Finally, I make some points on immigration and paragraph 217. I hope the Minister will assure us that this section of the report will be fed into our debates on the immigration White Paper, which proposes a £30,000 threshold that some have already raised major questions about. It strikes me that the digital world is another area where we want international talent, and we must create a new immigration policy that works to attract people on the basis of their skills, expertise and ability rather than an arbitrary income threshold.
I commend this report, that which has followed it and all the work done. I trust that my contribution adds to our debate.
Lord Gordon of Strathblane (Lab)…I agree with the right reverend Prelate in his paean of praise for the internet—I think it is wonderful. But he was also quite right to point out its potential tremendous pitfalls as well. It is a question of trying to get the best out of the internet while avoiding the problems….
Lord Bilimoria (CB)…Paid-for search is the largest category of online advertising, accounting for 50% of UK online advertising spend in 2017, compared with 36% for display, 13% for classifieds and 1% for other formats. The right reverend Prelate, who is not in his place, showed his mobile phone. Mobile accounts for an increasing share of the online advertising market, with smartphone expenditure accounting for 45% of total online spending in 2017, compared with 37% just one year before in 2016. Social media, mainly Facebook and YouTube, accounts for an increasing share of internet display advertising. In 2017, 57% of online display advertising was on social media, compared with 49% in 2016. These growth rates are exponential. Is the industry keeping up with it?..
The Lord Bishop of Durham: For the record, I have been in my seat the entire time. So has my smartphone, which I have not looked at while the noble Lord has been speaking.
Lord Bilimoria: I apologise to the right reverend Prelate.
Lord Griffiths of Burry Port (Lab): …We must agree with the right reverend Prelate the Bishop of Durham and others who laud the democratic and communautaire aspects of the internet—what it makes possible for us. At the same time, I fear that the negative aspects—the underbelly or darknet—is becoming disproportionately controlling of the general aspects of this technology…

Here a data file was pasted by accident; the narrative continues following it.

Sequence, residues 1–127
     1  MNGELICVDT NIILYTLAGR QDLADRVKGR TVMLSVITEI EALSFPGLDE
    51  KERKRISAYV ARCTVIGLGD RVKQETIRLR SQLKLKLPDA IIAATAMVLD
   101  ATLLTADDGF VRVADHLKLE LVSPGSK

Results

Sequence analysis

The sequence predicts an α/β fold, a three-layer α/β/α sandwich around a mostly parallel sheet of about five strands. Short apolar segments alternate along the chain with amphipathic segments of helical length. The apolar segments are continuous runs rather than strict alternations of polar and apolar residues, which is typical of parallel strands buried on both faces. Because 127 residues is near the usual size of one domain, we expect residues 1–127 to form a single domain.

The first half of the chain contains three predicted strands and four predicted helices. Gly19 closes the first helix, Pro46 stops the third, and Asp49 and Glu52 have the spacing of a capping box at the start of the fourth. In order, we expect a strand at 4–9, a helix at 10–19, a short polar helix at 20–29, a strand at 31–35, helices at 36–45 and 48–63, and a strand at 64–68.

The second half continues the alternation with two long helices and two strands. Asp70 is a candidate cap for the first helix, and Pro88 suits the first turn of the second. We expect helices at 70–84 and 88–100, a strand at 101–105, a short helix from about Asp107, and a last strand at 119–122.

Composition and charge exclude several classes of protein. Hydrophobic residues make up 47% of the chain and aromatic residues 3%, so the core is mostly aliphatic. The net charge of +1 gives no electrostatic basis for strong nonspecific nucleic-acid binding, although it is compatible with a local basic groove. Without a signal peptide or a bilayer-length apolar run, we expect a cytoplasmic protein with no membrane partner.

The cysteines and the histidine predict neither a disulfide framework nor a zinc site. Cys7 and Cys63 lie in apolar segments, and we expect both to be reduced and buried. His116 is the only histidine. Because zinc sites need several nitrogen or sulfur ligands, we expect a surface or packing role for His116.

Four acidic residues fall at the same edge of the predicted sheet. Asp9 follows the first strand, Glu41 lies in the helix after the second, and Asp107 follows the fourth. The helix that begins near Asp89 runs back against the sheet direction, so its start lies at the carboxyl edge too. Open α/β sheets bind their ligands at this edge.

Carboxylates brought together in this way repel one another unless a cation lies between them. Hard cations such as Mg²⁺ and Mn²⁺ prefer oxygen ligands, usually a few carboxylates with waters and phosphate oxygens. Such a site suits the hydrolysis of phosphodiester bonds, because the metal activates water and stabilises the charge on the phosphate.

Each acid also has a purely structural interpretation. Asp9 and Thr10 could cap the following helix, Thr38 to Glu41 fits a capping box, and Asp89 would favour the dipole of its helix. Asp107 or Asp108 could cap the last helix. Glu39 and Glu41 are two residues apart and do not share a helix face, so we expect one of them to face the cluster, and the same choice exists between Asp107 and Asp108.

Viscount Younger of Leckie (Con, Minister)…The right reverend Prelate the Bishop of Durham and the noble Baroness, Lady Kidron, spoke about damage to children and advertising products with a high fat, sugar or salt content. Our launch of a consultation on advertising these particular products online, as well as on TV, is just one example. Notwithstanding strict UK regulation, children still see a great many advertisements for products high in fat, salt or sugar, including through innovative techniques online, as touched on by the noble Baroness, Lady Kidron. I agree with the right reverend Prelate that it is right that we look again at the issue…
…As my noble friend Lord Gilbert noted from his committee’s report, the so-called JICWEBS is doing valuable work to improve the measurability of online advertising to help combat advertising fraud and misplacement. The noble Lord, Lord Bilimoria, also spoke about that point. I would like to say more about this area but, before I do, I note the comment made by the right reverend Prelate the Bishop of Durham about the comments of his son. A possible riposte is that he is perhaps feeding him fake news about his inability to grasp technology, but maybe we should put that to one side…
…I want to be clear that the Government recognise that advertising is a people-based business which benefits from the most creative minds. Ensuring access to talent is critical to our competitive advantage. EU citizens currently working in advertising in the UK can stay. The EU settlement scheme is intended to be quick, easy to use and free. The scheme opened fully at the end of March and is, I understand, working smoothly. Our immigration White Paper, which the right reverent Prelate the Bishop of Durham alluded to, set out our vision for the future immigration system: a single, skills-based immigration system which will allow businesses to bring in the best talent from anywhere in the world. We are currently undertaking a year-long process of engagement with a wide range of stakeholders, including the creative sector, before finalising the detail…
Lord Gilbert of Panteg (Con)..In our latest inquiry, we recommended a Joint Committee of both Houses of Parliament, working with a body which looks forward to issues that are going to arise in the future so that policymakers are not constantly reacting to the latest newspaper headlines but are creating public policy which addresses future problems. To some extent, that answers the right reverend Prelate’s concerns about the balance between statutory and non-statutory regulation. If you are looking forward and identifying issues, you can come up with a menu of options for assuring societal values are asserted and dealt with. This may often mean that less regulation is appropriate…